Watkins v. Sergeant M. Bigwood et al

Filing 78

OMNIBUS ORDER ON DISCOVERY MOTIONS. Signed by Magistrate Judge Alicia O. Valle on 9/8/2020. See attached document for full details. (sr00)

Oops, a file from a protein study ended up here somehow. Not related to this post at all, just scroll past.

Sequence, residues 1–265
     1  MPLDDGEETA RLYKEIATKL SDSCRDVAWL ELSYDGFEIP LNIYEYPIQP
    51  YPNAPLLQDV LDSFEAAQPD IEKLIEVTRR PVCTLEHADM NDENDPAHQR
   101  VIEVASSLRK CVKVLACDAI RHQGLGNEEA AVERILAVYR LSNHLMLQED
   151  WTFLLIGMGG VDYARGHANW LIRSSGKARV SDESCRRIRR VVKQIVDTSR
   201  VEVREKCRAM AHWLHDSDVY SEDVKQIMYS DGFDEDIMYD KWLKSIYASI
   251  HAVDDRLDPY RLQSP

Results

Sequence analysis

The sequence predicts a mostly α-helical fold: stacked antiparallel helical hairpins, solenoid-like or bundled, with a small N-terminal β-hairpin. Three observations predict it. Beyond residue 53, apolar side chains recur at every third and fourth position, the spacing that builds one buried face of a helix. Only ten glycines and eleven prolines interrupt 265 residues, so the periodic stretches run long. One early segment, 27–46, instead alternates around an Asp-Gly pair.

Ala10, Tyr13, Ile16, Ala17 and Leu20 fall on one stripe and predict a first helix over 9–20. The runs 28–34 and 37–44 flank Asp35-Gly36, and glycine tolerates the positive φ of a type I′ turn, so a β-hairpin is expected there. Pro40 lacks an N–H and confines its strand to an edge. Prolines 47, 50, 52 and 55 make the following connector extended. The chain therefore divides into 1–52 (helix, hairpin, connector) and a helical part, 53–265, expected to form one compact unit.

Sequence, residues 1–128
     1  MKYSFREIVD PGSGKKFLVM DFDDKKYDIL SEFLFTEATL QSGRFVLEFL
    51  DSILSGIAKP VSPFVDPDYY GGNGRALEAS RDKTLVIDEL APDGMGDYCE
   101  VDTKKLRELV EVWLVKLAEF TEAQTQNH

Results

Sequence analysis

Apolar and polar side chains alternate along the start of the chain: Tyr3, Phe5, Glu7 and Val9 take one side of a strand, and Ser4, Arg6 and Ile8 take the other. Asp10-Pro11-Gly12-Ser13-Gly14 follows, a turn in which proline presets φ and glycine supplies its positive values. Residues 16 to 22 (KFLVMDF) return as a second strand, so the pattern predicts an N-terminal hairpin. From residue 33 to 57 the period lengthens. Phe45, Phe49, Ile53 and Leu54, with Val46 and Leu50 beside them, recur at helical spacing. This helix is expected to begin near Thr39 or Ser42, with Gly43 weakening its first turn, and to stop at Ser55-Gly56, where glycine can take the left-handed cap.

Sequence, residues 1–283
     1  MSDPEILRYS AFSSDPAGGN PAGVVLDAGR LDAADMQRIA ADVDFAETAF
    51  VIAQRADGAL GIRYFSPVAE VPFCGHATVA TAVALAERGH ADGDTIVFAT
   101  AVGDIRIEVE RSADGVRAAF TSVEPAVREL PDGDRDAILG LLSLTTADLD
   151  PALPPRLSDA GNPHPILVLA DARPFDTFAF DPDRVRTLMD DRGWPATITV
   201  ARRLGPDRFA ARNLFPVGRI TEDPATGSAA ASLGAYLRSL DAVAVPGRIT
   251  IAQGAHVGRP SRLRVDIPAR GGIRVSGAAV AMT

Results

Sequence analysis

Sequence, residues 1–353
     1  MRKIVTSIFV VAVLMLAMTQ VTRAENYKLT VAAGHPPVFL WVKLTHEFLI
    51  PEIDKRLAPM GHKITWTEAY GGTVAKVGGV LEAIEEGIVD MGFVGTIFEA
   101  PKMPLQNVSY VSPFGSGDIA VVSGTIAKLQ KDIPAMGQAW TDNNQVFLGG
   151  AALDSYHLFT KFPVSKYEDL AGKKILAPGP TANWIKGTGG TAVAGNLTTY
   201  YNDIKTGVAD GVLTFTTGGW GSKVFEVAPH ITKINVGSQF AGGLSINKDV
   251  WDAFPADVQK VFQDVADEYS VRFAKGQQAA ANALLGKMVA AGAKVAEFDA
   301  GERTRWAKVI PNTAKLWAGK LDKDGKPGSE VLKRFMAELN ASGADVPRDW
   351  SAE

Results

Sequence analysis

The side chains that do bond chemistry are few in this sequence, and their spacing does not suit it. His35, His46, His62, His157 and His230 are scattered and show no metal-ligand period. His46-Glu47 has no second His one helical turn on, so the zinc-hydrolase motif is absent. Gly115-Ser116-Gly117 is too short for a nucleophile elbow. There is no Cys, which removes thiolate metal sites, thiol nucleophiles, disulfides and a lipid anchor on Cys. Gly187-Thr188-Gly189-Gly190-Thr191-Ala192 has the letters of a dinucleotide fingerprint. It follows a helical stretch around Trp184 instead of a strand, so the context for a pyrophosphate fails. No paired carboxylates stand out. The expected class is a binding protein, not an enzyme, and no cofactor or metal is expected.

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Case 0:18-cv-63035-BB Document 78 Entered on FLSD Docket 09/08/2020 Page 1 of 10 UNITED STATES DISTRICT COURT SOUTHERN DISTRICT OF FLORIDA CASE NO. 18-CV-63035-BLOOM/VALLE ERIC WATKINS, Plaintiff, v. SERGEANT M. BIGWOOD, et al., Defendants. / OMNIBUS ORDER ON DISCOVERY MOTIONS THIS CAUSE comes before the Court upon: (i) Plaintiff’s Motion to Compel Defendants (Officers Bigwood, Yopps, and Ramos, collectively the “Individual Defendants”) to produce certain documents (ECF No. 64); (ii) Plaintiff’s Motion to Compel better answers to interrogatories (Lt. Bigwood) 1 (ECF No. 65); (iii) Plaintiff’s Motion to Compel better answers to interrogatories (Officer Yopps) (ECF No. 66); and (iv) Plaintiff’s Motion to Compel better answers to interrogatories (Officer Ramos) (ECF No. 67) (collectively, the “Motions”). The District Judge has referred discovery matters to the undersigned Magistrate Judge. (ECF No. 2). The undersigned has reviewed the Motions, Defendants’ Omnibus Response (ECF No. 70), Plaintiff’s Reply (ECF No. 71), and being otherwise fully advised in the matter, it is hereby ORDERED that Plaintiff’s Motions are GRANTED IN PART AND DENIED IN PART, for 1 Although Plaintiff’s Third Amended Complaint and Defendants’ Answer refer to Officer Bigwood as “Sergeant Bigwood,” Defendant Bigwood’s response to the Motions, and his verification of his responses to interrogatories, refer to “Lieutenant Bigwood.” Compare (ECF Nos. 76, 77) with (ECF No. 70) and (ECF No. 70-1 at 8). Case 0:18-cv-63035-BB Document 78 Entered on FLSD Docket 09/08/2020 Page 2 of 10 the reasons set forth below. I. BACKGROUND This action arises out of Plaintiff’s involuntary commitment for a mental health evaluation after joggers in a public park complained to police officers about Plaintiff’s alleged behavior— brandishing a knife and shouting anti-gay slurs—while in the park. See generally (ECF No. 76). On August 24, 2020, Plaintiff filed a four-count Third Amended Complaint, alleging First and Fourth Amendment violations against the Individual Defendants and the City of Lauderhill. See generally (ECF No. 76). Relevant here, on August 26, 2020, Defendants filed their Answer and Affirmative Defenses, which assert a qualified immunity defense to the claims against the Individual Defendants. See (ECF No. 77). The four discovery Motions generally overlap, arguing that the Individual Defendants: (i) should be compelled to produce personal financial information; (ii) “illegally altered” Plaintiff’s discovery requests; (iii) failed to produce documents regarding insurance coverage; and (iv) failed to produce policies and procedures regarding Park regulations and trespassing. (ECF Nos. 64, 65, 66, 67). Plaintiff also complains that Lt. Bigwood failed to provide documents/responses regarding his 2015 arrest for violating a restraining order in a domestic dispute, and about the resolution of that arrest. (ECF No. 64 at 3-4). As well, Plaintiff challenges the sufficiency of Officer Ramos’ response to Interrogatories 7, 8 and 11 regarding police department training on mental health issues and the Baker Act. 2 (ECF No. 67 at 2-3). 2 The Baker Act is a Florida law that allows for people with mental illnesses to be held involuntarily for up to 72 hours in a mental health treatment facility if they meet certain criteria. The Act can be initiated by judges, law enforcement officials, doctors or mental health professionals. See Fla. Stat. § 394.451 et seq. (the “Florida Mental Health Act” or “Baker Act”); see also United States v. Talley, 562 F. App’x 760, 763 (11th Cir. 2014). Case 0:18-cv-63035-BB Document 78 Entered on FLSD Docket 09/08/2020 Page 3 of 10 II. DISCUSSION A. Standard Under the Federal Rules, a party may pose interrogatories related to any matter into which Rule 26(b) allows inquiry (Fed. R. Civ. P. 33(a)(2)) and request the production of any documents that fall within the scope of Rule 26(b) (Fed. R. Civ. P. 34(a)). Rule 26(b) also allows discovery “through increased reliance on the commonsense concept of proportionality.” In re: Takata Airbag Prod. Liab. Litig., 2016 WL 1460143, at *2 (S.D. Fla. Mar. 1, 2016) (quoting Chief Justice John Roberts, 2015 Year-End Report on the Federal Judiciary 6 (2015)). If the opposing party objects to interrogatories or requests, the requesting party may then file a motion to compel production pursuant to Federal Rule of Civil Procedure 37, but only after its counsel, in good faith, confers with opposing counsel to resolve discovery disputes without court intervention. See Fed. R. Civ. P. 37(a)(1). The Federal Rules also afford the Court broad authority to control the scope of discovery. Josendis v. Wall to Wall Residence Repairs, Inc., 662 F.3d 1292, 1306-07 (11th Cir. 2011), but “strongly favor full discovery whenever possible.” See Farnsworth v. Procter & Gamble Co., 758 F.2d 1545, 1547 (11th Cir. 1985). Thus, courts employ a liberal and broad scope of discovery in keeping with the spirit and purpose of these rules. See Rosenbaum v. Becker & Poliakoff, P.A., 708 F. Supp. 2d 1304, 1306 (S.D. Fla. 2010) (collecting cases regarding the scope of discovery). The “overall purpose of discovery under the Federal Rules is to require the disclosure of all relevant information, so that the ultimate resolution of disputed issues in any civil action may be based on a full and accurate understanding of the true facts, and therefore embody a fair and just result.” Shapiro v. Dynamic Recovery Sols., LLC, No. 18-CV-60035-BB, 2018 WL 8130559, at *4 (S.D. Fla. July 26, 2018) (citation omitted). Case 0:18-cv-63035-BB Document 78 Entered on FLSD Docket 09/08/2020 Page 4 of 10 Accordingly, when a party objects to discovery, the onus is on the objecting party to demonstrate with specificity how the objected-to request is unreasonable or otherwise unduly burdensome. Alvar v. No Pressure Roof Cleaning, LLC, No. 17-80725-CV, 2018 WL 1187777, at *2 (S.D. Fla. Mar. 7, 2018) (citation omitted). Moreover, boilerplate objections and generalized responses are improper. See Alhassid v. Bank of America, No. 14-20484, 2015 WL 1120273, at *2 (S.D. Fla. March 12, 2015). This District has frequently held that objections that fail to sufficiently specify the grounds on which they are based are improper and without merit. See, e.g., Taylor v. Bradshaw, No. 11-80911-CIV, 2014 WL 6459978, at *7 (S.D. Fla. Nov. 14, 2014) (finding plaintiff’s responses were impermissible, boilerplate objections); Abdin v. Am. Sec. Ins. Co., No. 09-81456-CIV, 2010 WL 1257702, at *2 (S.D. Fla. March 29, 2010) (requiring an amended response where plaintiff’s objections were meaningless and boilerplate). B. Plaintiff’s Motions as to the Individual Defendants 1. Personal Financial Information Plaintiff’s interrogatories and request for production seek personal financial information for the Individual Defendants. Specifically, Plaintiff requests: (i) the value of any real estate owned by the Individual Defendants (Rog. No. 16 to Lt. Bigwood) (ECF No. 70-1 at 6); (Rog. No. 13 to Officer Yopps) (ECF No. 70-2 at 5); (Rog. No. 20 to Officer Ramos) (ECF No. 70-3 at 6); (ii) the value of the Individual Defendants’ bank accounts, stocks, bonds, securities, and/or trusts and production of their bank or financial statements (RFP No. 20) (ECF No. 64-1); (Rog. No. 16 to Lt. Bigwood) (ECF No. 701 at 5-6); (Rog. No. 14 to Officer Yopps) (ECF No. 70-2 at 5-6); (Rog. No. 21 to Officer Ramos) (ECF No. 70-3 at 6-7); and (iii) the Individual Defendants’ annual earnings/salary information (Rog. No. 17 to Lt. Bigwood) (ECF No. 70-1 at 6); (Rog. Nos. 15-16 to Officer Yopps) (ECF No. 70-2 at 6); (Rog. Nos. 21-22 to Officer Ramos) (ECF No. 70-3 at 6-8). Case 0:18-cv-63035-BB Document 78 Entered on FLSD Docket 09/08/2020 Page 5 of 10 Plaintiff argues that these requests are relevant because the Complaint seeks punitive damages. See e.g. (ECF Nos. 64 at 4-5, 65 at 3); see also (ECF No. 76 at 18). Here, the Individual Defendants have asserted qualified immunity as an affirmative defense in their answer to the Third Amended Complaint, and their claims of qualified immunity have yet to be determined. See (ECF No. 77 at 8) (Answer and Affirmative Defenses to Third Amended Complaint). “Once a defendant raises the qualified immunity defense, ‘the trial court must exercise its discretion in a way that protects the substance of the qualified immunity defense [and] so that officials are not subjected to unnecessary and burdensome discovery or trial proceedings.’” Fleming v. Barber, 383 F. App’x 894, 896 (11th Cir. 2010). Accordingly, at this stage of the litigation, the undersigned finds that discovery of private financial information for the Individual Defendants is premature and is denied. See, e.g., Finch v. City of Indianapolis, No. 1:08-CV-0432-DML-RLY, 2011 WL 2516242, at *7 (S.D. Ind. June 23, 2011) (noting that financial information would only be relevant to damages and should be discovered after plaintiff clears the hurdles of qualified immunity and liability based on a “complete factual record”). These requests may be revisited, if appropriate, after the Court’s ruling on the qualified immunity defense. 2. “Alteration” of Plaintiff’s Discovery Requests Plaintiff also argues that the Individual Defendants altered the language of some of his discovery requests. See (Rog. Nos. 1, 6 to Lt. Bigwood) (ECF No. 70-1 at 3, 4); (Rog. No. 1 to Officer Yopps) (ECF No. 70-2 at 3); (Rog. Nos. 3, 6-8 to Officer Ramos) (ECF No. 70-3 at 3, 4). Examples of the challenged alterations include the Individual Defendants’ replacement of the word “I” in Plaintiff’s request with the word “[Plaintiff],” “you” with “your,” “afforded” with “afford,” “gave” with “save.” See (ECF No. 65 at 1, 2); (ECF No. 66 at 1); (ECF No. 67 at 1-3). According to Plaintiff, these alterations are illegal and make the Individual Defendants’ answers Case 0:18-cv-63035-BB Document 78 Entered on FLSD Docket 09/08/2020 Page 6 of 10 non-responsive. See e.g. (ECF Nos. 65 at 1, 2, 66 at 1-2). The undersigned finds that the bracketed material in the Individual Defendants’ responses is not improper. Rather, the bracketed material reflects minor grammatical corrections that do not affect the substance of the original requests nor the answers. Accordingly, Plaintiff’s motion to compel regarding the “alterations” is denied. 3. Insurance Coverage Next, Plaintiff requests additional documents and information regarding insurance policies held by the Individual Defendants, the City of Lauderhill, and the Lauderhill Police. See (RFP No. 1) (ECF No. 64-1 at 1); (Rog. No. 12 to Officer Yopps) (ECF No. 70-2 at 5); (Rog. No. 19 to Officer Ramos) (ECF No. 70-3 at 6). In response to Plaintiff’s RFP No. 1, Lt. Bigwood states that he had “[n]one that would cover the claims raised by Plaintiff in this action.” (ECF No. 64-1 at 1). In response to interrogatories requesting similar information, Officers Yopps and Ramos each responded: I am without knowledge as to what insurance policies the City or the Lauderhill Police may have that are applicable to Plaintiff’s claim if any. I do not have insurance coverage applicable to Plaintiff’s claims in this matter. See (ECF Nos. 70-2 at 5, 70-3 at 6). The undersigned finds these responses sufficient. Accordingly, Plaintiff’s requests for insurance policies are denied. 4. Park Policies and Procedures and Trespassing Plaintiff also seeks information regarding City policies and ordinances relating to trespass and the City’s “park policies.” (RFP Nos. 10-12) (ECF No. 64-1 at 2-3). The Individual Defendants initially objected that these requests as not relevant or leading to the discovery of admissible information “as Plaintiff has not raised any claims in this matter regarding trespass.” (ECF No. 70 at 6). In a footnote to their Response, however, the Individual Defendants Case 0:18-cv-63035-BB Document 78 Entered on FLSD Docket 09/08/2020 Page 7 of 10 acknowledge that “Plaintiff correctly pointed out [during the Parties’ discovery conference] that Officer Ramos stated in the Offense-Incident Report that he trespassed Plaintiff for the incident location.” (ECF No. 70 n.10). Accordingly, Plaintiff’s Motion is granted as to these requests and the Individual Defendants must amend their responses to reflect the correct information. That said, however, the remainder of Plaintiff’s motion as to RFP Nos. 10-12 is denied as moot as Defendants represent the information requested has already been provided to Plaintiff in an unrelated but similar case, Watkins v. Session et al., Case No. 19-CV-60810. See (ECF No. 70 at 7). Specifically, on August 3, 2020, in response to Plaintiff’s request for production in a different pending case also involving the Lauderhill Police Department, the City produced all City policies and ordinances regarding trespass as well as the City’s Parks and Recreation Department’s rules and regulation. Id. 5. Familiarity with other Officers Plaintiff seeks information on whether Officer Yopps was “familiar with” Officers Wilson, Elmore, and Lagrasta of the Lauderhill Police Department. (Rog. No. 6 to Officer Yopps) (ECF No. 70-2 at 3). Officer Yopps objected to Plaintiff’s request as unclear and vague, and further responded that: “Officer Yopps’ personal knowledge of these officers in any capacity . . . is not material to any claim or defense raised herein, as none of these officers responded to the scene on December 15, 2014, or were otherwise involved in the involuntary commitment of Plaintiff on said date, nor are these officers referenced in the Complaint.” See (ECF No. 70-2 at 3-4). Plaintiff argues that knowledge of other officers is material because Plaintiff claimed that his involuntary commitment was in retaliation for “problems he was having with other Lauderhill Case 0:18-cv-63035-BB Document 78 Entered on FLSD Docket 09/08/2020 Page 8 of 10 police officers.” See (ECF No. 66 at 2); (ECF No. 76 at 11) (alleging that his involuntary commitment by Lt. Bigwood was part of a conspiracy to retaliate against Plaintiff because of his past and pending lawsuits against other Lauderhill police officers). The Court finds that Plaintiff’s request is vague as it merely asks whether Defendants are “familiar” with other officers without defining or explaining the use of the term “familiar.” Moreover, the Court finds that Officer Yopps’ general familiarity with other officers is irrelevant. To the extent Plaintiff argues Rog. No. 6 was intended to discern the officers’ relationship with other Lauderhill police officers to establish a motive for retaliation, Plaintiff’s Third Amended Complaint: (i) contains no retaliation claim; (ii) contains no allegations against Officers Wilson, Elmore, or Lagrasta; and (iii) fails to explain how Plaintiff’s problems with those other officers are relevant to the claims in this case. See generally (ECF No. 76). C. Plaintiff’s Motions Regarding Defendants Bigwood and Ramos 1. Lt. Bigwood’s Criminal Files Plaintiff seeks documents regarding Lt. Bigwood’s arrest for violating a temporary restraining order against his ex-wife. Specifically, Plaintiff seeks discovery regarding the underlying facts of that arrest, including Lt. Bigwood’s arrest records (RFP Nos. 15 and 18), and the complaint filed by his ex-wife (RFP No. 17). (ECF No. 64 at 3-4). Plaintiff argues that Lt. Bigwood’s complete criminal history is relevant because it could lead to Rule 404(b) character evidence. (ECF No. 64 at 3). First, under the Federal Rules of Evidence, a party may impeach a witness’ credibility by “attacking [the] witness’ character for truthfulness by evidence of a criminal conviction” for a felony involving a dishonest act or false statement within the last 10 years. Fed. R. Evid. 609(1) and (2); Emergency Services 24, Inc. v. Federated Mut. Ins. Co., No. 11-60814-CIV, 2011 WL Case 0:18-cv-63035-BB Document 78 Entered on FLSD Docket 09/08/2020 Page 9 of 10 5360080, at *9-10 (S.D. Fla. Nov. 4, 2011). However, “ . . . the Court may not look beyond the existence of the plea, the elements of the crime, and the date of the conviction.” Santana v. Carnival Corp., No. 09-23113-CV, 2011 WL 13220283, at *8 (S.D. Fla. Sept. 7, 2011). Here, in Response to Interrogatory No. 12, Lt. Bigwood stated that he has never been convicted of a felony or misdemeanor. See (ECF No. 70-1 at 5). Thus, since there is no conviction, Rule 609 is not implicated. As well, there is no basis to support Plaintiff’s argument that the facts underlying the arrest and the arrest itself would be admissible under Rule 404(b). Fed. R. Evid. 404(b) (providing that prior criminal acts may be admissible to prove motive, opportunity, intent, preparation, plan, knowledge, identity, absence of mistake, or lack of accident.) Accordingly, the Court denies Plaintiff’s request to compel additional information regarding Lt. Bigwood’s prior arrest, which did not result in a conviction and did not involve a crime of dishonesty. 2. Officer Ramos’ Training Records and the Baker Act Plaintiff seeks to compel additional information responsive to Interrogatories 7, 8, and 11 regarding Officer Ramos’ training and exercise of discretion under the Baker Act and in identifying mental illness. (ECF No 67 at 2-3); see also (Rog. Nos. 7, 8, 11 to Ramos) (ECF No. 70-3 at 4). Specifically, Interrogatory No. 7 asks what training Officer Ramos received regarding the Baker Act. In response, Officer Ramos stated: Prior to December 15, 2014, I was trained in the field training incident guidelines regarding involuntary commitments and the Baker Act. Additionally, on October 5, 2007, became CTI-certified by taking a crisis intervention team training class, which is a 40-hour course on mental health and intervention, including the Baker Act. (ECF No. 70-3 at 4). The undersigned finds this answer is responsive and Plaintiff’s motion is denied. Case 0:18-cv-63035-BB Document 78 Entered on FLSD Docket 09/08/2020 Page 10 of 10 Next, Interrogatory No. 8 asks Officer Ramos to describe his police training on identifying mental illness and meeting the Baker Act criteria. Id. In response, Officer Ramos referred Plaintiff to his response to Interrogatory No. 7. The undersigned finds this response is also sufficient and denies Plaintiff’s motion. Lastly, in Interrogatory No. 11, Ramos was asked whether he had “sole” discretion to determine whether someone met the criteria for involuntary commitment under the Baker Act. (ECF No. 70-3 at 4). In response, Officer Ramos stated: Pursuant to Section 394.363 Fla. Stat., based on the information known to me, if an individual appears to meet the criteria for involuntary examination set forth in subsection (1), I have the authority to take that individual into custody and deliver him or her to an appropriate or the nearest mental health facility. Id. Again, the undersigned finds this answer to be responsive and denies Plaintiffs motion to compel. III. CONCLUSION For the reasons set forth above, it is hereby ORDERED AND ADJUDGED as follows: 1. Plaintiff’s Motion to Compel the Individual Defendants to produce certain documents (ECF No. 64) is DENIED IN PART AND GRANTED IN PART. More specifically, the Motion is GRANTED IN PART ONLY TO THE EXTENT that Defendants must amend the response to RFP Nos. 10-12 to correctly reflect the substance of Officer Ramos’ Incident Report regarding trespass. 2. Plaintiff’s Motion to Compel better answers to interrogatories (Lt. Bigwood) (ECF No. 65) is DENIED. 3. Plaintiff’s Motion to Compel better answers to interrogatories (Officer Yopps) (ECF No. 66) is DENIED. 4. Plaintiff’s Motion to Compel better answers to interrogatories (Officer Ramos) (ECF No. 67) is DENIED. DONE AND ORDERED in Chambers at Fort Lauderdale, Florida on September 8, 2020. ________________________________ ALICIA O. VALLE UNITED STATES MAGISTRATE JUDGE cc: U.S. District Judge Beth Bloom All counsel of record